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    All attic space should be vented. If you have a typical cape cod style gable roof, then there are walls on both sides of the attic to install louvered vents, one on each side.
     
  7. lordoftheflies

    lordoftheflies Member

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    Yes, I have the louvered vents on each side of the attic but not soffit vents. Doesn't that mean I don't have to worry about where the insulation meets the roof and there don't need rafter vents?

    And yeah, that old insulation looks pretty useless so it makes sense to just remove it, seal the joints with foam and then install fiberglass insulation. I don't need faced insulation correct? That would seem a bit useless since I'll be sealing every cavity with spray can foam.


    2019-06-30 12.18.48.jpg 2019-06-30 12.18.59.jpg 2019-06-30 12.19.16.jpg
     
  8. Reach4

    Reach4 Well-Known Member

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    Is your attic roomy? If so, you could consider turning the attic into "conditioned space". Not cheap, but it gets you a lot of clean storage. If you would be weaving in and out of trusses, then it would not be worth while for storage. The conditioned space is more efficient if you have attic ducting.

    If you don't do that conditioned space thing, I would have a roofer install a lot more vents.
     
  9. lordoftheflies

    lordoftheflies Member

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    No, it is not roomy. I can't stand in there. I would have to bring up some small pieces of plywood that act as a mobile floor for me to crawl around and remove all the old insulation and do the work. It's a cape cod so the roof is the 2nd floor. What you see in the video (linked a few posts above) is above the ceiling of the 2nd floor rooms.

    Not sure what more vents would do. I would think the best way would be to install a push fan on one side and a pull fan on the other. At this point, what started as a toilet with no wax ring has literally become a very large can of worms. :D

    Can anyone confirm if I need faced or unfaced insulation in between the joists in the attic? I think I misspoke before and said rafters. I'm only insulating the bottom of the attic - so in between the joists. Which unfortunately for me are only 2x4 because the builders sucked.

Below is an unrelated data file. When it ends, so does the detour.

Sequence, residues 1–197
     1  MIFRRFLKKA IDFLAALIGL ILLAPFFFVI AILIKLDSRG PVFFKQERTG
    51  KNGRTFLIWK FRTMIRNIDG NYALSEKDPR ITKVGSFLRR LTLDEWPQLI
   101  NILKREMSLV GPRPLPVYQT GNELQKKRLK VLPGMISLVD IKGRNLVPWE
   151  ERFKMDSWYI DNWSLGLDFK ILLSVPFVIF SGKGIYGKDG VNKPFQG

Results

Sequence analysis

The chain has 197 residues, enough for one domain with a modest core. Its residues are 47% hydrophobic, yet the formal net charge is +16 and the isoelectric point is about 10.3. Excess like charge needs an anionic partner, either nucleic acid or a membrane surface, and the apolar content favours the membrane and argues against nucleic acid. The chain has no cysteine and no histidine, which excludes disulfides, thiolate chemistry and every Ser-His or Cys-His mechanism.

10. lordoftheflies

    lordoftheflies Member

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    Of course, now would be the time to install the push/pull fan system before I insulate. Ugh.
     
  11. Reach4

    Reach4 Well-Known Member

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    Your vapor barrier must be on the bottom for your climate because heating predominates. In the south, the vapor barrier goes on the outside, because the air conditioning predominates. The insulation above the other insulation must not have a vapor barrier. Blown in-insulation is popular for adding insulation in your situation.

    Vents let out moisture. They keep the air over the rafters cooler in the summer, so that reduces heat load. In the winter the vents cool the attic to avoid ice dams, where the upper part of the snow melts, but the bottom stays frozen.
     
  12. lordoftheflies

    lordoftheflies Member

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    I'm not sure I understand how installing batts with the face down on the joists will seal. I suppose sealing with the foam first will take care of that but since I'm not exposing the ceiling I won't be able to staple the face.
     
  13. Dana

    Dana In the trades

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    The first and most important thing from a moisture management point of view is to meticulously air seal at the ceiling plane (under the insulation). This includes installing and sealing air dams where any joists go under knee walls, caulking/foaming all electrical & plumbing penertrations of the ceiling/attic floors.

    Low density fiberglass batts are not very air retardent, and need air barriers on both sides of the fiberglass layer to actually hit it's performance numbers. In winter the warmer entrained air in the batts convect with the colder air in the attic space reducing it's effectiveness when needed mosts. It is also somewhat translucent to infra-red radiation beating down from a hot roof deck, reducing it's effectiveness under peak sun. Blown cellulose doesn't have either of those issues, and pretty much always created a perfect fit (unlike batts, where compressions & gap reduce effectiveness as well.) While you could install R30 rock wool after carfully fitting lower density batts between the carefully sculpted to as snugly as possible, it's easier to get it right with blown cellulose. It's fine to blow cellulose over the existing insulation, leaving it pretty much undisturbed other that what is needed for air sealing.